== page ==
If you are not paid the wages and any vacation pay that you are due under the law, then depending on the laws of your state you could be entitled to it, as well as double or triple that total amount. You could also be entitled to have your attorney’s fees and court costs paid for by your former employer.
If you have had improper deductions from your wages, or are paid under the minimum wage, you could be entitled to get that back if you file a lawsuit prior to the deadline set by your state’s laws for you to file a lawsuit (in other words prior to the running of the ‘statue of limitations’ on the claim).
For example, in Massachusetts, if you are fired and are not given your unpaid wages and any outstanding vacation pay the very day that you are fired, or if you quit and are not given the same before the end of what is the business’ next pay period, you would be entitled to three times the amount of your unpaid wages and any outstanding vacation pay, plus interest for every day that you did not receive those amounts.
This is true provided that you file a lawsuit to recover what you are owed prior to receiving the unpaid funds and interest from your former employer. You would also be entitled to have your attorney’s fees and costs to be paid by your former employer. In Massachusetts, however, you need to file a complaint with the state’s Attorney General’s office prior to filing suit, so that they can investigate, and determine if they want to bring a claim for unpaid wages and interest on your behalf. If they don’t, you can file a lawsuit Pro Se (representing yourself) or with a lawyer.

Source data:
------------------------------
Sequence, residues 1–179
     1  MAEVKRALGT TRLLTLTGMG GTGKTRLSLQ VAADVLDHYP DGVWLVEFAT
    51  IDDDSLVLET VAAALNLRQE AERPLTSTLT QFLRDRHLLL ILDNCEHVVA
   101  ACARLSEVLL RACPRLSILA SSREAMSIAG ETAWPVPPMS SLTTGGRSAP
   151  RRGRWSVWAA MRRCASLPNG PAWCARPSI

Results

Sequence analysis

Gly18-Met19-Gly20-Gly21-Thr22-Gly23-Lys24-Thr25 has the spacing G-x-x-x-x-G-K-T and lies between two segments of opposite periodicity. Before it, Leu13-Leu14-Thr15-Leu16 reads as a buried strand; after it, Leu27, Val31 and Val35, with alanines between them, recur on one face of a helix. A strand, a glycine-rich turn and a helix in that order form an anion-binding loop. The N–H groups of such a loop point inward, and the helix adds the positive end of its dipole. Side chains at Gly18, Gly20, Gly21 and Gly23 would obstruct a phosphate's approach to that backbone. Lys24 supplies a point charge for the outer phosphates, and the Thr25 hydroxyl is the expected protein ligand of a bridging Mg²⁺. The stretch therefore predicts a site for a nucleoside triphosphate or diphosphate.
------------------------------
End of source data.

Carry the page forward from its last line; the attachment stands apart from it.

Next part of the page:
Other states have similar laws to that of Massachusetts, with some distinctions. In some states, while you can file a lawsuit, you can also file a complaint with the labor board of that state, which will investigate the claim, hold hearings, and then determine if it wants to file suit on your behalf.
If you have been misclassified as exempt from overtime pay, not provided your overtime pay, asked to work ‘under the table’ and off the books, not provided your unpaid wages and any unpaid vacation pay due you after you quit your job or were fired – and the interest for each day that passed where you were not provided with the same – then depending on the laws of your state you could be entitled to those things or three times the total amount, as well as for your attorney’s fees and costs to be paid.
Please contact us as soon as possible to tell us your story and not delay, so that we can do a free and quick review of your potential claim. No one should have to wait unnecessarily beyond the time set by the law of their state for what they are due once they are fired from or quit their job. No one should be victimized or taken advantage of by their employer or former employer.